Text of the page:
How Civil Disobedience Helps Overcome Oppression: Part 10

Published on November 24, 2021 by

How Civil Disobedience Helps Overcome Oppression: Part 10
“The Man Who Outsmarted Dr. King”

Following the long fight of the 1961 Freedom Rides — on Nov 1, 1961, the Interstate Commerce Company (ICC) finally enforced the desegregation of interstate buses and facilities.

On that very day, SNCC members in Albany, Georgia told local Black students to go to the Albany Greyhound bus station to “test” the ruling by going to White waiting rooms. The local authorities kicked them out for trying to desegregate it.

After another bus station desegregation attempt a few weeks later — this time bringing arrests — students from Albany State College began to protest. What soon followed was the “Albany Movement”.

When he found out a movement was forming in his city, Albany’s police chief Laurie Pritchett studied Dr. King’s and Mahatma Gandhi’s “non-violence” methods. He decided on a unique counter-strategy: “Fight non-violence with non-violence”.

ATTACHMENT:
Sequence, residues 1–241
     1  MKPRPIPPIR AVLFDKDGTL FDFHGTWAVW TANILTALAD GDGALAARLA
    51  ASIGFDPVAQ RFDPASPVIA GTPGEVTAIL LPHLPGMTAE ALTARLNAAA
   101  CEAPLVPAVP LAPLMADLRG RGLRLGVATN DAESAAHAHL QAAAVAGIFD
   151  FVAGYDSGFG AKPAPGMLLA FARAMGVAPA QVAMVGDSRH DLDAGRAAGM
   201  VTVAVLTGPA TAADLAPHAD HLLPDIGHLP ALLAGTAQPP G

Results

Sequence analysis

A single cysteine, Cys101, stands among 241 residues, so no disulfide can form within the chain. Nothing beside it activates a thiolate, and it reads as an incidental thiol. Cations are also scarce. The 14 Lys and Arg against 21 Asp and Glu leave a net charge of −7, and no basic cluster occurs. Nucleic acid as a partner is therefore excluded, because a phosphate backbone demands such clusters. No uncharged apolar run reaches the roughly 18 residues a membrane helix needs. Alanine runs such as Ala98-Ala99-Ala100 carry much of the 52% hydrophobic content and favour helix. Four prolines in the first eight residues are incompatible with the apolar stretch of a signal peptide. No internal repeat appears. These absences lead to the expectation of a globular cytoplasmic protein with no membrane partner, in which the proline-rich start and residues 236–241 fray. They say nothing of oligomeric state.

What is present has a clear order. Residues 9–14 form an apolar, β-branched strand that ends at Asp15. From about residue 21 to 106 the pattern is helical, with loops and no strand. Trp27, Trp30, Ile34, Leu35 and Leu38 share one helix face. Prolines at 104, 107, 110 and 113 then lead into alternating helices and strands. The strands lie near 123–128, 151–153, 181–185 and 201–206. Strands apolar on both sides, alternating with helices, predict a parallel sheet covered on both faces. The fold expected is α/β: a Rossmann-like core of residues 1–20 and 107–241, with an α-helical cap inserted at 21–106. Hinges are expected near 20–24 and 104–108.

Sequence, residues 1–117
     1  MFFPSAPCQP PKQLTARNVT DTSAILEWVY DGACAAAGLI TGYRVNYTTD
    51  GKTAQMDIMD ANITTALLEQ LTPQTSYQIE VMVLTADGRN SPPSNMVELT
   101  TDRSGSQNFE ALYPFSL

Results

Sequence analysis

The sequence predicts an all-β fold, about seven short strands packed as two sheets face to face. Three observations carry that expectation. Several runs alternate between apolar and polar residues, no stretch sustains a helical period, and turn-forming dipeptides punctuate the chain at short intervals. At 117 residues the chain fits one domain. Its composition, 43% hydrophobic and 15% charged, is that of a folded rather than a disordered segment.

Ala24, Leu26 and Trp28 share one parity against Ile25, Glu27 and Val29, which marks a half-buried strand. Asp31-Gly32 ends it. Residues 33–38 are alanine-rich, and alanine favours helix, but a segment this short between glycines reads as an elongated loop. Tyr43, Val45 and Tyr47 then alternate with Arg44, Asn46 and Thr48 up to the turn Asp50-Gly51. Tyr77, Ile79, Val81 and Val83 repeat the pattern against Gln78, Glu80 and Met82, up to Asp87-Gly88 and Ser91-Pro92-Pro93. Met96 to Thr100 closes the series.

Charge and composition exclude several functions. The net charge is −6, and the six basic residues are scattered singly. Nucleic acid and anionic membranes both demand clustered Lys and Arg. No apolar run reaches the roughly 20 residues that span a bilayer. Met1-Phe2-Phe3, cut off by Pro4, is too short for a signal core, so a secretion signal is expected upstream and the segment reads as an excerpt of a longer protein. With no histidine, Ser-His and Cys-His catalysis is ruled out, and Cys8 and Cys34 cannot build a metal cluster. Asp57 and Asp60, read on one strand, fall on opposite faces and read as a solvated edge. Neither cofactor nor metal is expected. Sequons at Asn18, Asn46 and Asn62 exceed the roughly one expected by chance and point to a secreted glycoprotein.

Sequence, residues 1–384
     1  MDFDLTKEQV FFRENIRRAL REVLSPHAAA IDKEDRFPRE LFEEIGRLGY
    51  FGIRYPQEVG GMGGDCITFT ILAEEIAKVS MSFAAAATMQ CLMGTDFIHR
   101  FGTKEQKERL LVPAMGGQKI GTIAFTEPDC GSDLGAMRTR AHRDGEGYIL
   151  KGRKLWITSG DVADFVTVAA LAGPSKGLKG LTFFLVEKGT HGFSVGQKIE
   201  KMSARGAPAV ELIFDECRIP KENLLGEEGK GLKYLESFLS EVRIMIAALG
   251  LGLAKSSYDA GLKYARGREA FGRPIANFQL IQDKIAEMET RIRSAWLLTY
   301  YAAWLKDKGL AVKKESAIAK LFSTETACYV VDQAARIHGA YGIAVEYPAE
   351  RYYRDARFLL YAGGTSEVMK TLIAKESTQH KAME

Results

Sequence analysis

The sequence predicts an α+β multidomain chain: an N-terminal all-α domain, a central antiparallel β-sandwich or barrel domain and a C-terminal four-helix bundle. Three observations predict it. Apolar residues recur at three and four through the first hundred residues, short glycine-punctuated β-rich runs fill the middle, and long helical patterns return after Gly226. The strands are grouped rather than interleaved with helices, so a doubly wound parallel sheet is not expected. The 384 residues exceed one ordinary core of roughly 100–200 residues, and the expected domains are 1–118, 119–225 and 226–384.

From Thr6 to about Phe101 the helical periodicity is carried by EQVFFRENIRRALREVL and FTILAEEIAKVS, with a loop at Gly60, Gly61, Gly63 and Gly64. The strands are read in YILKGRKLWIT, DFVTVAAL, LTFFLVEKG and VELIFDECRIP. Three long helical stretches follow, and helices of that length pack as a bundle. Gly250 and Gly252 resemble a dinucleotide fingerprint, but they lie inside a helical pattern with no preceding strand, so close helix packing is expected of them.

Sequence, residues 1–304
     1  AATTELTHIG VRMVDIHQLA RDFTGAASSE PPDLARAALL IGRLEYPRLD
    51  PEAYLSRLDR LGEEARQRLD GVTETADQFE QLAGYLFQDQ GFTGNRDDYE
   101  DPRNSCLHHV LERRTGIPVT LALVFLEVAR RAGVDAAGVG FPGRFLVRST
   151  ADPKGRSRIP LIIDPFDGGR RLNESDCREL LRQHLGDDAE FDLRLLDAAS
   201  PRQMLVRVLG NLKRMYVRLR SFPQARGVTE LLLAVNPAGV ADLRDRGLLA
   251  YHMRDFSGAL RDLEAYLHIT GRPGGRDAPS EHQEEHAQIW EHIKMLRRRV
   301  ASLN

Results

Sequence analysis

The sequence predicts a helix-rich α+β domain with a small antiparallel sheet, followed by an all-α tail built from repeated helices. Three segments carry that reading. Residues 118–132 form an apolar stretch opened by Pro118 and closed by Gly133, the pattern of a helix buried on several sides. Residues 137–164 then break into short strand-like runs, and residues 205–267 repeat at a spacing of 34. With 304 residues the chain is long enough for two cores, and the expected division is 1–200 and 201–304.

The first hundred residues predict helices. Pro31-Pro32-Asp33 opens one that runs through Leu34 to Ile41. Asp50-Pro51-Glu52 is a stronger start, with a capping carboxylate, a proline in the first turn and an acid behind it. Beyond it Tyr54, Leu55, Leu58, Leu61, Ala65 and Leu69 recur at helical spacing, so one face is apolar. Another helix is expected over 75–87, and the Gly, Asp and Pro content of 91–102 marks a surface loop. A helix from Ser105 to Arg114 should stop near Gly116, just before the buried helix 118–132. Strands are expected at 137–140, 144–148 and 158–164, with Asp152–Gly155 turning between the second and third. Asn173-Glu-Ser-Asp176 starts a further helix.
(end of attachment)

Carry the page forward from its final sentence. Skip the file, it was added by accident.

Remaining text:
Pritchett knew the media was a big part of exposing the police and mob violence of non-violent Black people in the fight for justice. He didn’t want that negative attention, so he told his police force to *not* use their clubs when making arrests, and all arrests should be done with no brutality involved, even if protesters spit on them.

He also knew that Dr King (like Gandhi) wanted to fill the locals jails until they became full, which would force to city to give into the activist’s desegregation demands. To counter, Pritchett contacted cities in a 75-mile radius outside Albany and made deals with them to use their jails. If a protester got arrested, they would go to a jail outside of the city, but the jails inside of the city wouldn’t have a single protester inside.

With this plan in place, police Chief Laurie Pritchett was able to elude negative press from national media. Eventually, Dr. King got arrested himself to bring national attention, but Pritchett got “a special donor” to bail him out after just a few days (rumors say it was Rev. Billy Graham).

After the federal courts ordered Dr. King and the marchers to stop protesting (the first time that happened since the 1955 bus boycotts), Dr. King and SCLC (his organization) were forced to retreat…delivering a rare loss for the movement.

But he would recover in his next protest. Big time!

View Part 11 here.

View Part 9 here.


**About this series:

We’re showing a multi-part series on how CIVIL DISOBEDIENCE has been the main catalyst that has overcome oppression in the U.S.

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